TAIPEI, Taiwan, The China Post Editorial
China has vented its anger at the United States for persistently sending “wrong signals” to Taiwan’s separatists and Hong Kong’s democrats.
But it is also out of fear of U.S. policies on human rights and democracy. Together, they are believed to be a grand scheme “aimed at regime change in Beijing.”
Last Tuesday in Washington, the Chinese embassy spokesman Sun Weide called a rare news conference to lash out at the Bush administration’s policies on Taiwan and Hong Kong, declaring it is “gravely concerned” that the issues “will undermine progress on U.S.-China relations.” The accentuated hard posture was made just three days after national security adviser Condoleezza Rice returned from Beijing, signaling the Chinese leadership’s rejection of U.S. policies on Taiwan, Hong Kong, and China as a whole. Rice, in her talks with Beijing’s top leaders, tried to allay their concerns by stressing “we do not want a weak China. We want a more confident and transforming China that the rest of the region would welcome.”
But she rebuffed their demand to stop sales of high-tech weapons to Taiwan, citing Beijing’s 500 missiles aimed at Taiwan as justification for beefing up the island’s defense. The visiting American official also cautioned her hosts that their efforts to frustrate Hong Kong people’s calls for greater democracy would have direct and immensely negative impact on Taiwan. On the other hand, Rice sought Beijing’s help to exercise greater pressure on Pyongyang to abandon its nuclear weapons ambitions.
Vice President Dick Cheney had relayed in person similar American opinions and requests to the Beijing leadership three months ago. As President Bush’s re-election draws near, his administration’s need of Beijing’s diplomatic collaboration in the United Nations and on Iraq, North Korea and anti-terrorism is obviously increasing. Beijing welcomes this.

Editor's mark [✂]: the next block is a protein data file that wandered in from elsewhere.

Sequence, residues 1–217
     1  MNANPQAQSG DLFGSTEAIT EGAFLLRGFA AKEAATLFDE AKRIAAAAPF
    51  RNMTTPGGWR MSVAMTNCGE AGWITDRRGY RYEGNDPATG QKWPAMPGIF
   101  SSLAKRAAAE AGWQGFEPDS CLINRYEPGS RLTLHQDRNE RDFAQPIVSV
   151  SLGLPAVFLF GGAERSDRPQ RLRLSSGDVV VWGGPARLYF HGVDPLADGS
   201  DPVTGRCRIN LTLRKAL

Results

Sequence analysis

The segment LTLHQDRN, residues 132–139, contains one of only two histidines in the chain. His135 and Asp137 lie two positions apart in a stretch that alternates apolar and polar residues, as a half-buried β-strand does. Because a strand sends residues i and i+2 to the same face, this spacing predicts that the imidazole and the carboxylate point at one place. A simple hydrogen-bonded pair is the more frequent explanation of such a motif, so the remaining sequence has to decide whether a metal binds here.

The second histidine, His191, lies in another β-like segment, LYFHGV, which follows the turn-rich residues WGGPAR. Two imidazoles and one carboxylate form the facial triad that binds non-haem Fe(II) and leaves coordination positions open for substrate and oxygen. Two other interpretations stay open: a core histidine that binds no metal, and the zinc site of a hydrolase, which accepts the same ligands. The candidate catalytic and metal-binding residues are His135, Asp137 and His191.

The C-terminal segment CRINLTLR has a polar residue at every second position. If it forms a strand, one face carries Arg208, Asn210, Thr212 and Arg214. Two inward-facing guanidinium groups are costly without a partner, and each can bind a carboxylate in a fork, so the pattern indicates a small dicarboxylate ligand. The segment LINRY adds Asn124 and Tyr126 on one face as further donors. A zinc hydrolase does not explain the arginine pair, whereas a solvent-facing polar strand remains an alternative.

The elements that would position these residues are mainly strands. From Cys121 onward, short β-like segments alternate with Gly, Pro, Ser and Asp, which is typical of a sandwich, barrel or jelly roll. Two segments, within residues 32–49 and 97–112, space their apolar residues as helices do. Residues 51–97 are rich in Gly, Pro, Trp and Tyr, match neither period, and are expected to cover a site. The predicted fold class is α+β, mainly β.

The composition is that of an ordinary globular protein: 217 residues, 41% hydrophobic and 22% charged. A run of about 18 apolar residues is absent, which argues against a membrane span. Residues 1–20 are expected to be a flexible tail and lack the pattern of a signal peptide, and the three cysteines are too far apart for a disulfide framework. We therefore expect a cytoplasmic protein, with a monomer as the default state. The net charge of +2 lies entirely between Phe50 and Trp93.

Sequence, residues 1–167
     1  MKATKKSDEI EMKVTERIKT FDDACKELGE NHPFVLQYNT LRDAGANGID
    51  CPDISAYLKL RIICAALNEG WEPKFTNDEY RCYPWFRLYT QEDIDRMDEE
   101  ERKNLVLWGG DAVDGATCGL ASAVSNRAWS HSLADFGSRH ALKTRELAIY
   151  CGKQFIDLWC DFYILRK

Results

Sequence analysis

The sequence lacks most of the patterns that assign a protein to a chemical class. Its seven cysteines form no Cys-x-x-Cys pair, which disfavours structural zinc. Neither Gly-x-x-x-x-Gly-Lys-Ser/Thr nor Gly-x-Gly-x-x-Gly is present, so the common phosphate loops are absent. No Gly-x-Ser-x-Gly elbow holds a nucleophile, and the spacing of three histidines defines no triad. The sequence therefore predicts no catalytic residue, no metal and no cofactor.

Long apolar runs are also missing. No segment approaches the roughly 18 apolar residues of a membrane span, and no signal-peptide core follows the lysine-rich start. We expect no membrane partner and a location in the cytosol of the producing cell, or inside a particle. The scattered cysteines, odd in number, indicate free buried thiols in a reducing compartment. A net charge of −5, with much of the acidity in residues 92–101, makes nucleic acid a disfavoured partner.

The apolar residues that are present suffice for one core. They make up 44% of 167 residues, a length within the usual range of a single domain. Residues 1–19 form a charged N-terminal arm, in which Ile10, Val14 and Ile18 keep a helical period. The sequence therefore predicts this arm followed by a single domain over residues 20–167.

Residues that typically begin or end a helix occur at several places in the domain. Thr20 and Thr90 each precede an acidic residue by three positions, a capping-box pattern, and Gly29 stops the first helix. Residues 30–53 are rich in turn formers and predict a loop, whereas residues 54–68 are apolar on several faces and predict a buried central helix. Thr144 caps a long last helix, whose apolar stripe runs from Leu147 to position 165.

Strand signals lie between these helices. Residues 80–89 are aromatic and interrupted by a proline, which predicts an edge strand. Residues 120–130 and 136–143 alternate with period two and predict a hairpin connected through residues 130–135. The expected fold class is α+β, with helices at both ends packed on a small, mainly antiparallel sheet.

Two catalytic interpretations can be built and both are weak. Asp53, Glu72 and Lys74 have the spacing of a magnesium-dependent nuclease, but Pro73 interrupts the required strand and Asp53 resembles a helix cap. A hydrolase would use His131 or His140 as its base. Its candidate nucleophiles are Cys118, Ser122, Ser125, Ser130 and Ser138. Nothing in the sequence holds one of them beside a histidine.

But America’s high profile is not acceptable. By coincidence, in an op-ed article last Tuesday in Beijing’s official English-language newspaper, China Daily, the U.S. was blasted as “the imprimatur of neo-imperialism under the concept of a new American century forced on China.” Titled “Taiwan used as a U.S. sword in Operation China Decapitation,” under the byline of Lau Guan Kim, the article said: “it is a matter of time when the U.S. crosses the Rubicon under pretext of defending Taiwan’s democracy” to bring about “the eventual regime change in China a la Iraq.” The writer specifically noted as evidence that with “seven U.S. aircraft carriers exercising near the proximity of China, the die is slowly cast and China must be prepared…Placating is one thing, but being complacent in the face of dire threat is suicidal and stupid.” America is seen seeking “a gradual strangling of China.” After the end of the Cold War, Beijing phased out such anti-American rhetoric in state media. The sudden reappearance of it suggests mutual suspicions have not diminished after recent anti-terrorist collaborations but resurged over fundamental differences on freedom, democracy and human rights.
Taiwan and Hong Kong are just a hint of those differences. Having swiftly toppled regimes in Afghanistan and Iraq, President Bush is suspected of planning to bring down another regime, after his November re-election, in Iran or North Korea, depending on circumstances. Regime change in China was a goal of the free world during the Cold War. It has re-surfaced as communist China seems anxious to annex democratic Taiwan.
Beijing wants to perpetuate its “regime” and can’t tolerate talk of its change. Words guide actions. Taiwan must avoid being caught in a cross-fire.